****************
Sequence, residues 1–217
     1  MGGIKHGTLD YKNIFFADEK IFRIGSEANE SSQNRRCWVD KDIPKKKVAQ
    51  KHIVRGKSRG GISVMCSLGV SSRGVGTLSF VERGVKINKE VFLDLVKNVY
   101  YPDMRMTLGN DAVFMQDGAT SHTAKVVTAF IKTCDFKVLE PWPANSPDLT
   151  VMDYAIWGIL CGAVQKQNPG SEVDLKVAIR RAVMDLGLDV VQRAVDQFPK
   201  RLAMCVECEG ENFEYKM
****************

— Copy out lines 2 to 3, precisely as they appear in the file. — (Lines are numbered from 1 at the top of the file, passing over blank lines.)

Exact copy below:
     1  MGGIKHGTLD YKNIFFADEK IFRIGSEANE SSQNRRCWVD KDIPKKKVAQ
    51  KHIVRGKSRG GISVMCSLGV SSRGVGTLSF VERGVKINKE VFLDLVKNVY